Selecting which of the myriad functions you control is done via the Multi-Media Interface (MMI) knob on the center console. This functions much like BMW's iDrive but Audi has a better software user interface. One of the available adjustments is for the adaptive air suspension. The driver can select among dynamic, comfort and automatic modes. Aside from increasing the ride height, I didn't notice any significant difference in ride quality among the options. Overall the Q7 handled well for a 5,400lb vehicle.
While the Q7 is roughly the same length and width as a Tahoe, it's several inches lower with a more sporting looking roof-line. For those that like to get some sun while they motor along, the Q7 offers a super-size panoramic sunroof. The main aperture covers the first two rows and the front half of the glass pops up and slides back over the back portion. A second smaller opening sits over the cargo/third row area and pops up but doesn't slide. The second row seats can be adjusted fore-aft and reclined. The test Q7 didn't have the third row seat installed so I can't comment on that. The cargo area has some rails embedded in the floor with tie down hooks that can slid back and forth.
What was truly surprising about this hefty beast was its willingness to increase velocity. The 4.2L V-8 produces 326hp and an immense 560lb-ft of torque. The thing I love about driving diesels and electric vehicles is the torque. Huge power numbers are fun to brag about, but when they come at stratospheric rpms, they aren't particularly useful. In the real world, low end torque is what gets the job done. It allows you to trundle along effortlessly in traffic and climb hills without running out of breath. However, when you have the kind of huge torque numbers this diesel has you can get some shockingly strong acceleration.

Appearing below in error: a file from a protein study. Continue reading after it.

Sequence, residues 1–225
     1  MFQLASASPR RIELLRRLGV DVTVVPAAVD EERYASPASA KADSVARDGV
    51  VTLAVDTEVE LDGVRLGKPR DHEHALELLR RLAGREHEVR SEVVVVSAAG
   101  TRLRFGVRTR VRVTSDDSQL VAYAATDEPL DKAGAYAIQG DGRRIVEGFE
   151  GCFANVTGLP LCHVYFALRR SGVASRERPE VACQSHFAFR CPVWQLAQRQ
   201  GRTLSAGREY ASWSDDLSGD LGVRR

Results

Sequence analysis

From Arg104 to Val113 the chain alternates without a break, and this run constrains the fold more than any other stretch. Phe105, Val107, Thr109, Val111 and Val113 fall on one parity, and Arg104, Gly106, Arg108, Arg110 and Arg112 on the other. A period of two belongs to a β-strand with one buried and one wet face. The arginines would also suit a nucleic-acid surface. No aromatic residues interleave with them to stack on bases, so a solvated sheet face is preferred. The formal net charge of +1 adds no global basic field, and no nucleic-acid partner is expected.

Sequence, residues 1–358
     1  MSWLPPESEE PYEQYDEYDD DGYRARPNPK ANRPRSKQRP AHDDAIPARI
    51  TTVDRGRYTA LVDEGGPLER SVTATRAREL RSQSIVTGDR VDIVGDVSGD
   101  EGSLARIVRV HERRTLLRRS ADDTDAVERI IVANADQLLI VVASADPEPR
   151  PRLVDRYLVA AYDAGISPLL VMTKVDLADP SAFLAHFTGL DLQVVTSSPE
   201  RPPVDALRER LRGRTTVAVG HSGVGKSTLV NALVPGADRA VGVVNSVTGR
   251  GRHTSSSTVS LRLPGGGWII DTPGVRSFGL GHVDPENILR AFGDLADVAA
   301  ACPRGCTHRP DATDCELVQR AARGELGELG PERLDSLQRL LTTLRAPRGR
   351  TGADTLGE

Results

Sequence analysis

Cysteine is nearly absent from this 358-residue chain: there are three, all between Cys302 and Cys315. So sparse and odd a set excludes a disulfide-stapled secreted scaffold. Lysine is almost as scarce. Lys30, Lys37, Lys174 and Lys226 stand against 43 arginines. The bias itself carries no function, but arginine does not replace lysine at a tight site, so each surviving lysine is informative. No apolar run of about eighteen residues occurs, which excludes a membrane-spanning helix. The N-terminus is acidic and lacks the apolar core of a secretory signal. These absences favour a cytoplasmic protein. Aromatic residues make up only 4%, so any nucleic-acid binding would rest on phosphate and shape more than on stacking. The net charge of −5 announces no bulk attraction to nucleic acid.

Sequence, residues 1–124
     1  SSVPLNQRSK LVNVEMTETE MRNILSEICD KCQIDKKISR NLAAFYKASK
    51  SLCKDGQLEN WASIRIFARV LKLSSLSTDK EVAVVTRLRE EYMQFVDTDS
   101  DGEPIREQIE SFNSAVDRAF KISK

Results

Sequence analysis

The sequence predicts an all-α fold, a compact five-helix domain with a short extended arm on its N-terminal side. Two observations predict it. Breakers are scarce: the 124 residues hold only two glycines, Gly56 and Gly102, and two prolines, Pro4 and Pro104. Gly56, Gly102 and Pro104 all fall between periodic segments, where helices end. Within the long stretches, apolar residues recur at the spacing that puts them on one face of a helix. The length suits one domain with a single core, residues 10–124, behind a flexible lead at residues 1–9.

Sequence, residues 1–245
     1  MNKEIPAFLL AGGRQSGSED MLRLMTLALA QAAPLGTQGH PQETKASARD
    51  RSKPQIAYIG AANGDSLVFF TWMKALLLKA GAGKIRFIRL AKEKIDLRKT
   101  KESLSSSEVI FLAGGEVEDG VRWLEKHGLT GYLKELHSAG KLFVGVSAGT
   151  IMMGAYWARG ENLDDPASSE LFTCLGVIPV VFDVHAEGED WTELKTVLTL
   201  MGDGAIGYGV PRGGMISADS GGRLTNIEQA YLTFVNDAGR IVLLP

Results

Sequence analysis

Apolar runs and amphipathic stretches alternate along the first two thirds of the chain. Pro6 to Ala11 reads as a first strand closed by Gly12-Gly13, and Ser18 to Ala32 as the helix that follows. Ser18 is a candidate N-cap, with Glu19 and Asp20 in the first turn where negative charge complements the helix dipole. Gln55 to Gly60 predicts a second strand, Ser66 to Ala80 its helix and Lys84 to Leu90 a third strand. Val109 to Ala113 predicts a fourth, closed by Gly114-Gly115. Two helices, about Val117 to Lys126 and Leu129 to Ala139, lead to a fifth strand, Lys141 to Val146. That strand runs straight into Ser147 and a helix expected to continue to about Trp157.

Pressing the pedal makes this Q7 get up and go in a hurry. This is one shockingly fast SUV that will outrun most cars at a fraction of the size and mass. For those that need towing capability, the Q7 4.2 has plenty with a capacity of 7,700lbs. That puts it 1,500lbs above the Tahoe hybrid which is touted as having exceptional hauling capability for a hybrid.
In its homeland, the Q7 4.2 achieves a combined fuel consumption rating of 21.2 mpg (U.S.). During its time in the ABG garage, the Q7 managed a pretty respectable 19 mpg which was all the more impressive given the fact that the engine encourages aggressive acceleration, a temptation I fell prey to. With more responsible driving behavior, the Q7 should be able to achieve numbers in the low twenties with relative ease.
Interestingly those numbers are pretty close to what the Tahoe Hybrid achieves. Although GM has declined to get specific about how much the Two-Mode hybrid system costs to produce, the off the record estimates I've heard from various sources all say it's substantially more than the $2,000-3,000 premium that a diesel engine costs. In 2009, GM will introduce their new 4.5L light duty diesel V-8 which should get performance comparable to the Audi V-8. It will be installed in a variety of GM trucks including the full-size pickups and probably the SUVs. It will be very interesting to see how the performance and fuel consumption of the GM diesel trucks compares to the hybrids.
In the meantime, the U.S. will definitely get the 3.0L TDI Q7 and we'll be trying one of those out soon. For those in Europe who crave a really fast and reasonably efficient luxury SUV, the 4.2L is a fine choice. We probably won't ever see this engine in the U.S. market given the oncoming fuel economy regs. But it was fun to drive for a few days. For those that don't need such a large vehicle (which is likely the vast majority of us) and like Audis, the brand will be introducing a new, smaller SUV very shortly. We can't tell you about that one just yet, but as they say patience is a virtue.
Photos Copyright ©2008 Sam Abuelsamid / Weblogs, Inc.